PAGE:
If Tim is searching for the motherload, he's just found it. This CD is pure gold.


Reviewer: Esther Davis
"Mexico" makes me want to get to Mexico in a hurry!! "Fortune Teller" is haunting and "Cowboy Boot" is a telling tale of everyone's fortunes at one time or another

Wow ! Another great album from Too Slim !
Reviewer: Clete Nielsen
Spokane is proud to hear the latest release from Too Slim & the Taildraggers. Fortune Teller is loaded with songs that throw you in the back seat, put the petal to the floor and take you rockin down the highway. This band has the groove and the punch that makes you want to listen to the Fortune Teller over and over again. Great album !



Shakin yur bootie!.
Reviewer: Jill Santacroce
I have listened to too slim for years and watched them regularly in Hood River when they were playing at the river city saloon. Everything they play is fabulous and makes you want to get up and dance. They are awesome. The vocals the guitar riffs are straight and down smokin blues!

Buy the CD, live happily ever after.
Reviewer: Erik The Viking
Take a map of the world, put a pin in the state of Washington. Draw a circle around it, as far out as you can. There is no better band anywhere inside that circle than Too Slim and the Taildraggers. Buy the CD, live happily ever after.

OMG! We were blown away -- blues guitar at its best!
Reviewer: Vicki Powers
This CD is so good, I can't wait to hear what else Too Slim has up his sleeves! I have a couple of favorites (choppin' wood, broad minded man) but from start to finish you just want to get up and dance! The more I listen the more I want to hear it again and again. Excellent guitar and vocals!


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Discography

2009 - Free Your Mind
2007 - The Fortune Teller
2005 – Lucky 13 (compilation CD)
2005 – Beer and Barbeque Chips ("Live" CD")
2003 – Tales of Sin and Redemption
2002 – Goin’ Public (Live Solo Public Radio performance)
2001 – Bootleg Volume 1("Live CD")
2000 – Kingsize Troublemaker’s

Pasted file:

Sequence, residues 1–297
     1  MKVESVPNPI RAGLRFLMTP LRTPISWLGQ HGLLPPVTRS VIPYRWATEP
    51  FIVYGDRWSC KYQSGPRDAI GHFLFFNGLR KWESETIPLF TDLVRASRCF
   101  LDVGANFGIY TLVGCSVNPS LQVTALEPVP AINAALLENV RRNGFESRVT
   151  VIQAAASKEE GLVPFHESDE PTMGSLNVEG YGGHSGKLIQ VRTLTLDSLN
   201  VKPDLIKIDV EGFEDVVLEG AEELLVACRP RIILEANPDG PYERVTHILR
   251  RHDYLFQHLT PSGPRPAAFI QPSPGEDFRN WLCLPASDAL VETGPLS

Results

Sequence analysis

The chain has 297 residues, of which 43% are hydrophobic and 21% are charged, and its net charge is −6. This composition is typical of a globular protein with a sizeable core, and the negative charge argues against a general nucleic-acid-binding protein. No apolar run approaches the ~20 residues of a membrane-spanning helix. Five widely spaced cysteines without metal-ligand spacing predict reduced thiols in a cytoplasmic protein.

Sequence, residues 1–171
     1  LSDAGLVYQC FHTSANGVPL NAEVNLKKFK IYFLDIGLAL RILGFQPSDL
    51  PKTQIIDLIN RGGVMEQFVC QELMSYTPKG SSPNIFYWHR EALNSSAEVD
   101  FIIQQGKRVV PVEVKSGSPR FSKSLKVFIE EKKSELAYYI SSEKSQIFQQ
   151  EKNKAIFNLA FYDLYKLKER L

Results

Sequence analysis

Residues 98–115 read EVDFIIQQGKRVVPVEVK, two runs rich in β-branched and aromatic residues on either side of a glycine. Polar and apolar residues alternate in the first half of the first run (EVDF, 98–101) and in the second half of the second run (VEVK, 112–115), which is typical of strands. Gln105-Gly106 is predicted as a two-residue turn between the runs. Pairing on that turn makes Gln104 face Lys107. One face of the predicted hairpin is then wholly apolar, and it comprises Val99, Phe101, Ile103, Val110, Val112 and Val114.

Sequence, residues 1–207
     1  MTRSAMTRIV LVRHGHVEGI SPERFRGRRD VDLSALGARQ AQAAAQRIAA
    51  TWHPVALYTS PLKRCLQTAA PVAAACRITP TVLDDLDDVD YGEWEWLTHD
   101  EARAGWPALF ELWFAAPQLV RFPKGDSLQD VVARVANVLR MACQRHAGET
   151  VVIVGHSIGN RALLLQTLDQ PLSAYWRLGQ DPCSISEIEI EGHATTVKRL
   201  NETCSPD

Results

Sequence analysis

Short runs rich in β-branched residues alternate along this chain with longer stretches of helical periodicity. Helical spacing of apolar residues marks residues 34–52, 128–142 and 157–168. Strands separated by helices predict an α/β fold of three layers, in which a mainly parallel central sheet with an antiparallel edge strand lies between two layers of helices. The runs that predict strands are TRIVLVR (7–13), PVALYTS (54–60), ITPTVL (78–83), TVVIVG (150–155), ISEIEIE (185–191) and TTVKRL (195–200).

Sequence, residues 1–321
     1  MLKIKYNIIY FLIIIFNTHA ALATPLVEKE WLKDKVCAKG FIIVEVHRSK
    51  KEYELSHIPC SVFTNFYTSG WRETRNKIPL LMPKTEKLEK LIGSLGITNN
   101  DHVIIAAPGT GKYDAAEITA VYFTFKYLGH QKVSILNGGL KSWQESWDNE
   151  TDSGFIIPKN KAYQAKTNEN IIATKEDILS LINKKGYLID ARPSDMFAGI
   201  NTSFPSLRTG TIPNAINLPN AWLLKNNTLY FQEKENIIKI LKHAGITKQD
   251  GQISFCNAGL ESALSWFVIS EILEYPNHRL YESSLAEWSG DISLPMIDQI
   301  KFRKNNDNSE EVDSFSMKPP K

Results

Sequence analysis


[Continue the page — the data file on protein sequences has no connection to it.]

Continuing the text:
1999 – Pint Store Blues (Solo Acoustic)
1997 – Blues for EB
1995 – Swamp Opera
1994 – Wanted “Live”
1992 – El’ Rauncho Grundge’
1990 – Rock em’ Dead
1988 – Swingin’ in the Underworld

Photos

Bio

Too Slim and the Taildraggers

The 11 songs that appear on Free Your Mind, the 10th studio album from Seattle-based Too Slim and the Taildraggers, are the result of a touring hiatus in December 2007 and January 2008. “It was the first time I actually took time off specifically to write songs,” remembers band leader Tim Langford (AKA Too Slim), “and I’m very pleased with the results.”

The songs on Free Your Mind are a slice of American roots music, with blues, Americana and rock influences. “The songwriting process is something that I really enjoy, but it can also drive you a little crazy,” says the lead singer/guitarist. “I always try to write down ideas or phrases that I hear in everyday life that could be song titles. Some songs are inspired by personal experiences and some are just observations of life as I see it. For instance, the lyrics on the song ‘Last Train’ were inspired by reading stories from one day of the Seattle Times newspaper. I was actually laughing out loud - and was appalled at the same time - by the articles I was reading. The chorus just came out of me as I was running through a rough draft of the song: ‘Feel like I’m riding on the last train, with cracks in the wheels, headed for a big bang. Feel like I’m riding on the last train and Hunter S. Thompson is the engineer.’ It seemed to sum up the absurdity of the world events on that particular day. I like the variety of the music on Free Your Mind. There are songs of love, perseverance, faith, fiction, frustration and the craziness of everyday life,” adds Langford..